It takes courage to ask for help, and it takes great strength to give voice to silence, letting every emotion and truth come to the surface. Alma Noce portraits on the screen these difficult and yet human and powerful emotions in “La Ragazza Ha Volato,” the new film by Wilma Labate based on a screenplay by the D’Innocenzo brothers.
A dramatic, and unfortunately real and current story, with a character, that of Nadia, which Alma understood immediately, building it according to the script and motivated by the desire to tell something true and “uncomfortable.” Between an excursus on the experience on set, and a certain “closeness” with stands and cameras, Alma told us about the beauty of acting and being herself, without consequences and, above all, without judgments.
What’s your first cinema memory?
My first cinema memory is about my very first movie. I remember being in the middle of a circle made of huge stones with a druid… I felt like I was living some sort of magic moment.
You’re the protagonist of “La ragazza ha volato,” (lit. “the girl has flown”) directed by Wilma Labate and based on a script by the D’Inocenzo brothers. The movie tells a difficult story, unfortunately very real and current, about the taste that life takes on after for the victims of sexual assaults. What was your first reaction when you read the script? And what was the first question you asked the director about your character?
When I read the script of “La ragazza ha volato” for the first time, I was very touched by how real the story sounded and how it was neither dramatized nor edulcorated. With such a story, you don’t need that, you don’t need to tell the tragedy because it’s already there, constantly present in the events. I also remember that I couldn’t understand if Nadia’s choice to keep it all in and not share anything with anyone was some sort of demonstration of strength, or of weakness because, sometimes, strength means managing to find to courage to ask for help.
“Sometimes, strength means managing to find to courage to ask for help.”
The movie was filmed in Trieste, in an apparently quiet suburban area, contrasting with the brutality of what your character ends up experiencing in those same streets and neighborhoods. What was your experience on set like?
I’ve loved that set; I’ve always felt protected and safe there. Moreover, on set, there was always an atmosphere of lightheartedness and affection that, perhaps, was necessary for such a complicated film. I remember I thanked Wilma a thousand times for the crew and the actors she had chosen, the ability to put together a group of people like that it’s not something to be given for granted.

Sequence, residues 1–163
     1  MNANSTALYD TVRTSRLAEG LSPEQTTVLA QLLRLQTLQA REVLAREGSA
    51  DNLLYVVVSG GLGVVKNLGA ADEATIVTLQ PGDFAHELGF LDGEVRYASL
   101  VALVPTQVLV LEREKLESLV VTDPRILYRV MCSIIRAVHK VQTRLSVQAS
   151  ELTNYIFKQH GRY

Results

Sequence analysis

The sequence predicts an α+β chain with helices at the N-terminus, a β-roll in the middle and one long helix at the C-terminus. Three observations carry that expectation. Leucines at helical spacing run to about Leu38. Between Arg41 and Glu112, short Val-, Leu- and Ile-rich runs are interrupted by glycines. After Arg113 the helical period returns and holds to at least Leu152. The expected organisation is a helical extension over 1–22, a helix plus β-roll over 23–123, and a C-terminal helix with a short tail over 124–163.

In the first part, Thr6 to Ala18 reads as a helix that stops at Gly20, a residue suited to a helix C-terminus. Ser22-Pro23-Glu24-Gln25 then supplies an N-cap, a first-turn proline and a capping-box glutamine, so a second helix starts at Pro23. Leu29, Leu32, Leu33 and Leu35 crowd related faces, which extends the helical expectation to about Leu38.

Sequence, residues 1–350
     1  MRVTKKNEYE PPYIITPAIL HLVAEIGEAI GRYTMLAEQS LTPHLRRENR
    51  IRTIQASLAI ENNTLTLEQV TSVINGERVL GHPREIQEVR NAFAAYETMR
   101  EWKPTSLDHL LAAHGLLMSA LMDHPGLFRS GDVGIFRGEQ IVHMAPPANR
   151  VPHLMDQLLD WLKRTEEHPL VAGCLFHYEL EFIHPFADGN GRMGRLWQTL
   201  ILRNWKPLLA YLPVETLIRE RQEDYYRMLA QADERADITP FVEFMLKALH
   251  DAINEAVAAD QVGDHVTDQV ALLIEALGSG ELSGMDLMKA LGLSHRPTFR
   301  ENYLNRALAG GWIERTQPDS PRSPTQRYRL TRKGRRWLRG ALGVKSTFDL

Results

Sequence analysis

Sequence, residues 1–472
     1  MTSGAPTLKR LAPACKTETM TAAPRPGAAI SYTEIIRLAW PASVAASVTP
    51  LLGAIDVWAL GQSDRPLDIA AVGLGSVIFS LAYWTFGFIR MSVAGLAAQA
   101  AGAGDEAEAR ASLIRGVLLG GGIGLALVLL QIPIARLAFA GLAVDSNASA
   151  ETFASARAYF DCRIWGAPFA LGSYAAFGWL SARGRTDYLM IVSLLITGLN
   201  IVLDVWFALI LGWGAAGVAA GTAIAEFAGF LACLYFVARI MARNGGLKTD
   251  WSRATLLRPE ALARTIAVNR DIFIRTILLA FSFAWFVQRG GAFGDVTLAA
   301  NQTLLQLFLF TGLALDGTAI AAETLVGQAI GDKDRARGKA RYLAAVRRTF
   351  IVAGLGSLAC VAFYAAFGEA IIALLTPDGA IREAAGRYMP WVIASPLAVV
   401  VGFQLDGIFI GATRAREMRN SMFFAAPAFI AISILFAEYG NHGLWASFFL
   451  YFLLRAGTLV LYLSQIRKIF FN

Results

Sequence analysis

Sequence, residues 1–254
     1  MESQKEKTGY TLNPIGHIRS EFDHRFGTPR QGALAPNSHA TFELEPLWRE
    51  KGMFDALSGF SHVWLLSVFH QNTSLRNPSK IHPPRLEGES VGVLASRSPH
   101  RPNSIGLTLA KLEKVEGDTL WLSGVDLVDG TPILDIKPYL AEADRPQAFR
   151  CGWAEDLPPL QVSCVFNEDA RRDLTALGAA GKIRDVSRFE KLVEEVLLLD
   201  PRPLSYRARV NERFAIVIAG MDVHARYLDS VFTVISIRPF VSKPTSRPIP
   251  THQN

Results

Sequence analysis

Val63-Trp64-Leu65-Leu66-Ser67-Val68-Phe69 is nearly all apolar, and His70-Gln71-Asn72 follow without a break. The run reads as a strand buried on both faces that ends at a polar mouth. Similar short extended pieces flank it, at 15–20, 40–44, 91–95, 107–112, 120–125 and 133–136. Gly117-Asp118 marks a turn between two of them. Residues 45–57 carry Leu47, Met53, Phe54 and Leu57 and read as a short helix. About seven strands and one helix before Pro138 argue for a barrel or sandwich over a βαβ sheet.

Silence is, sadly, one of the protagonists of the movie, alongside yourself: there’s the silence of the victim, the silence of the family, the silence of the offender, the silence of the omerta. Do you think this movie could give a voice to silence?
Absolutely, there’s no doubt. This movie gives a voice to silence. It tells about it in such a perfect way, and it always leaves there uncovered those long and uncomfortable times that could apparently seem empty, but that actually enclose a whole world that the characters are not capable of facing.
Your character, Nadia, is very complex: she’s a lonely, suffering teenager, who finds herself having to make decisions that are bigger than her, without anybody’s help. How did you build this character? Were there any challenges you had to face? How did you overcome it?
Playing Nadia was not challenging for me, I had understood her since the beginning. I didn’t want to think too much about it and give life to unnecessary things. I wanted every single one of her reactions to be as true as possible and not made-up, not too much thought. All I had to do was listen to who was in the scene with me and react accordingly. A bit like in real life, our reactions and the choices we make are often not premeditated, but they’re pure reactions to the circumstances we find ourselves in. My character had already been built by Wilma on the script, which is nothing but the story of her life, I simply did what was written on it.
How would you describe “La ragazza ha volato” in one word?
It’s a “True” movie.
“A bit like in real life, our reactions and the choices we make are often not premeditated, but they’re pure reactions to the circumstances we find ourselves in.”
The latest film or TV show that made you discover something new about yourself?
“Ms .45” by Abel Ferrara. The protagonist has no voice and is forced to use some different methods; I have a voice, instead, I just need to use it a little bit more.
Your latest binge-watch?
“Peaky Blinders.” The story is wonderfully architectured and the actors are phenomenal.
Your must-have on set?
My must-have on set is a preliminary good night’s sleep, which is unfortunately very hard for me to get.